Outbreak of Salmonella Infections Linked to Frozen Raw Tuna
Posted May 22, 2019 at 11:00 AM ET
This outbreak appears to be over, but recalled frozen tuna may still be in freezers. People could get sick if restaurants and retailers who are unaware of the recall continue to serve and sell sushi made with recalled frozen tuna. Check the U.S. Food and Drug Administration website for the list of recalled productsexternal icon.
CDC, public health and regulatory officials in several states, and the U.S. Food and Drug Administrationexternal icon investigated a multistate outbreak of Salmonella Newport infections linked to frozen, raw ground tuna supplied by Jensen Tuna and sourced from JK Fish of Vietnam.
Restaurants and retailers should not sell or serve recalled frozen, ground tuna from Jensen Tuna.
- On April 15, 2019, Jensen Tuna in Houma, La., voluntarily recalledexternal icon frozen ground tuna imported from JK Fish of Vietnam.
- The recalled tuna was individually packaged in one-pound bags and sold in 20-pound boxes under lot numbers z266, z271, and z272.
- Jensen Tuna distributed product to distributors in Connecticut, Iowa, Illinois, Minnesota, New York, North Dakota, and Washington. Recalled product might have been redistributed to additional states.
- Restaurants and retailers should contact the distributor if they don’t know whether their frozen ground tuna is recalled. If in doubt, they should not sell or serve it.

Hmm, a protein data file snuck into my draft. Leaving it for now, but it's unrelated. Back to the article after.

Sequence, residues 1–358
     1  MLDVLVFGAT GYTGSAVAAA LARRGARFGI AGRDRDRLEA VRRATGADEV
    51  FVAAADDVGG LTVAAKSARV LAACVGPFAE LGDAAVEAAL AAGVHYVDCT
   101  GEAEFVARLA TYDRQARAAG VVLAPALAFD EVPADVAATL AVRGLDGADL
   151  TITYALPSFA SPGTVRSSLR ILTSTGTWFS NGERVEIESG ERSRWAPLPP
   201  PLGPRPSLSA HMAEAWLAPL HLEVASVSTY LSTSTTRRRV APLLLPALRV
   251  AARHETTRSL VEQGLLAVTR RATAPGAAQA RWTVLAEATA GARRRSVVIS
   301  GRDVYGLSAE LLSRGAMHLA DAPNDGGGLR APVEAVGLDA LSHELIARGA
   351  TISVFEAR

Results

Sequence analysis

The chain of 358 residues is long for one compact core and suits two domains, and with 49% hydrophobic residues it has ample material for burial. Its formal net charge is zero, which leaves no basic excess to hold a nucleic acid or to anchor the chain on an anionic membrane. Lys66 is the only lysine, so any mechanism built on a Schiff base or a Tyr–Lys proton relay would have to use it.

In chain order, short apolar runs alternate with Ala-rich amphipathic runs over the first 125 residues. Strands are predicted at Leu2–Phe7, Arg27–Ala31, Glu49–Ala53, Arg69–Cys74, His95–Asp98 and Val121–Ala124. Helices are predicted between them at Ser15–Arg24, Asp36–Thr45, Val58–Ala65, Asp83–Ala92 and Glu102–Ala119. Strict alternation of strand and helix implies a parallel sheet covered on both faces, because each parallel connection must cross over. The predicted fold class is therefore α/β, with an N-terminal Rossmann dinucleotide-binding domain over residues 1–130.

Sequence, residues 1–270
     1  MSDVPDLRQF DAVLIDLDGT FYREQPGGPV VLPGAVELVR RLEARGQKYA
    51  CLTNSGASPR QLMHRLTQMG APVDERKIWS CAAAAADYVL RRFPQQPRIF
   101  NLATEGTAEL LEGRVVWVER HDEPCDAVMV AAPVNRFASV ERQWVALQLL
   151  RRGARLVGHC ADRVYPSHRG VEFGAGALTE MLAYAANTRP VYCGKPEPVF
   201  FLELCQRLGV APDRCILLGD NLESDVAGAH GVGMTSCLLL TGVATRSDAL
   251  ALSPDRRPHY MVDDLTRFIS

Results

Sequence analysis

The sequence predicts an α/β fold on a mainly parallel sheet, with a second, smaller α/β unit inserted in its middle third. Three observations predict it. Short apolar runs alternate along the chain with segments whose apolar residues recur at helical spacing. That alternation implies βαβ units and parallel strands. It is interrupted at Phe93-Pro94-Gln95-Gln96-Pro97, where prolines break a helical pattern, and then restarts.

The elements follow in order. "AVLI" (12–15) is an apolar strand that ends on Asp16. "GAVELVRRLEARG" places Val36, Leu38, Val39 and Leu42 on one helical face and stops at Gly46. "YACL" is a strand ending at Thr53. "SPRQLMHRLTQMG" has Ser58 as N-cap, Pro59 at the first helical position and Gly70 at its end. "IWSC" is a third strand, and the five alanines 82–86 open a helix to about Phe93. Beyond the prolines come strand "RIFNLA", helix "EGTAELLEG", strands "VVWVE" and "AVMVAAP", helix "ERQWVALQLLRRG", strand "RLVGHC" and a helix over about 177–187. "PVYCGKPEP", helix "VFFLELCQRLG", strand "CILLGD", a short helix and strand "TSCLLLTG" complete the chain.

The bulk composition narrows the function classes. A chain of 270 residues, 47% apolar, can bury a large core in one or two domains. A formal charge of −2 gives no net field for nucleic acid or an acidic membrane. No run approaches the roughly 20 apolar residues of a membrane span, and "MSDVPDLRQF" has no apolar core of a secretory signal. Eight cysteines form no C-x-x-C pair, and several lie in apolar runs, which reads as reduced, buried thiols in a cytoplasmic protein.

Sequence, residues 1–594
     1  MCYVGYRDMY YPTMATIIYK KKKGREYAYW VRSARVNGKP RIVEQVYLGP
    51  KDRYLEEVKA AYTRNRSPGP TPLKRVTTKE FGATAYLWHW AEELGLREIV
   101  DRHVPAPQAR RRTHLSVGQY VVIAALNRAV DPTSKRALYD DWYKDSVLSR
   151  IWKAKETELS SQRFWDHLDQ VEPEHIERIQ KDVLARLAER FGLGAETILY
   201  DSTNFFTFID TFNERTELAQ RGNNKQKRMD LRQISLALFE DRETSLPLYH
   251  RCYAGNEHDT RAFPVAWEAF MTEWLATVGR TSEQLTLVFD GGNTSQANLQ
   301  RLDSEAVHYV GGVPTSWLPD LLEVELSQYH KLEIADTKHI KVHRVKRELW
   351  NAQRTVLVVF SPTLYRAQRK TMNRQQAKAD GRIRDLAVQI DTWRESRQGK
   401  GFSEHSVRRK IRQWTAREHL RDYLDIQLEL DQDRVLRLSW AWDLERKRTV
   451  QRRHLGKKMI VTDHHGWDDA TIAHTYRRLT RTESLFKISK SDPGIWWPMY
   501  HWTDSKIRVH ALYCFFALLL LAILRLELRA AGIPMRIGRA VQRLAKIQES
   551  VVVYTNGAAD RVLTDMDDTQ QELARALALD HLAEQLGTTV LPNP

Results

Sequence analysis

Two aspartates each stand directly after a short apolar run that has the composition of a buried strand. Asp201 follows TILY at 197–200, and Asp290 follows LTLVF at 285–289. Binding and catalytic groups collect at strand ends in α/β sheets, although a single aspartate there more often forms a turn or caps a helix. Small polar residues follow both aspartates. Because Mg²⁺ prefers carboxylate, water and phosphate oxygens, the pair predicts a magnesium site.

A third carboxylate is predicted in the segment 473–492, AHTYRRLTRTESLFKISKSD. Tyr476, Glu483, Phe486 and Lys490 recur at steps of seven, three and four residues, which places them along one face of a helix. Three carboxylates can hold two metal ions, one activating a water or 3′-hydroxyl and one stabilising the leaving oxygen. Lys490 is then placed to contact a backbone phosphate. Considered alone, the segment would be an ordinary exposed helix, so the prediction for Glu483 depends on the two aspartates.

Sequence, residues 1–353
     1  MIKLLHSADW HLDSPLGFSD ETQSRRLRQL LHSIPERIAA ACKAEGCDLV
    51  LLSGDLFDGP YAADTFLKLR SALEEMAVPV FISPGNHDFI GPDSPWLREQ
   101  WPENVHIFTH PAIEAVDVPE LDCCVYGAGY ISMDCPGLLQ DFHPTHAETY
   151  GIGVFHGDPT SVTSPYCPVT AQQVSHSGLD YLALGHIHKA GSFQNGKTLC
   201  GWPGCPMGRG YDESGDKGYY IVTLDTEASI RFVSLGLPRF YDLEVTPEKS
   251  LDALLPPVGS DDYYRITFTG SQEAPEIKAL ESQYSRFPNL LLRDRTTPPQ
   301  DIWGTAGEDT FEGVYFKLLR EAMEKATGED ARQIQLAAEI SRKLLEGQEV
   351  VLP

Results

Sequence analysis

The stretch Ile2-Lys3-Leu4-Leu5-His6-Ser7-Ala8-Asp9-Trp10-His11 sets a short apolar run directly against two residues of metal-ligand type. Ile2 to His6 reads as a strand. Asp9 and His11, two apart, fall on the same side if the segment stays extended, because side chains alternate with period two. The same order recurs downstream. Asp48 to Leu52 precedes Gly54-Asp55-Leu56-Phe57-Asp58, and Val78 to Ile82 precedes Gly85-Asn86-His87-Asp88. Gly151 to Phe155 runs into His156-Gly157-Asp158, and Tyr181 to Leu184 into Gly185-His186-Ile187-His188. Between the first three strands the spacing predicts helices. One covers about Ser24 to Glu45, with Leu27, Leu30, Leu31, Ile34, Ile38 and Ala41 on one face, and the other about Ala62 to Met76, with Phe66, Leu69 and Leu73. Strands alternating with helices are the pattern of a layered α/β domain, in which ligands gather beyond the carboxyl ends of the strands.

- Consumers who order sushi made with raw tuna, including “spicy tuna,” should ask the restaurant or grocery store if the tuna is from Jensen Tuna. If you are not sure if the tuna has been recalled, do not eat it.
- Contact your health care provider if you think you may have become ill from eating raw tuna sushi.
- In general, people who are at higher risk for serious foodborne illness should not eat any raw fish or raw shellfishexternal icon. People at higher risk include children younger than 5 years, pregnant women, adults 65 years and older, and people with weakened immune systems.
- As of May 22, 2019, this outbreak appears to be over.
- Fifteen people infected with the outbreak strain of Salmonella Newport were reported from eight states.
- Illnesses started on dates ranging from January 8, 2019, to March 31, 2019.
- Two people were hospitalized. No deaths were reported.
- Epidemiologic and traceback evidence indicated that frozen, raw ground tuna supplied by Jensen Tuna Inc. was the likely source of this outbreak.
- On April 15, 2019, Jensen Tuna recalledexternal icon frozen, ground tuna products that may have been contaminated with Salmonella Newport.
- Most people infected with Salmonella develop diarrhea, fever, and stomach cramps 12 to 72 hours after being exposed to the bacteria.
- The illness usually lasts 4 to 7 days, and most people recover without treatment.
- In some people, the illness may be so severe that the patient needs to be hospitalized. Salmonella infection may spread from the intestines to the bloodstream and then to other places in the body.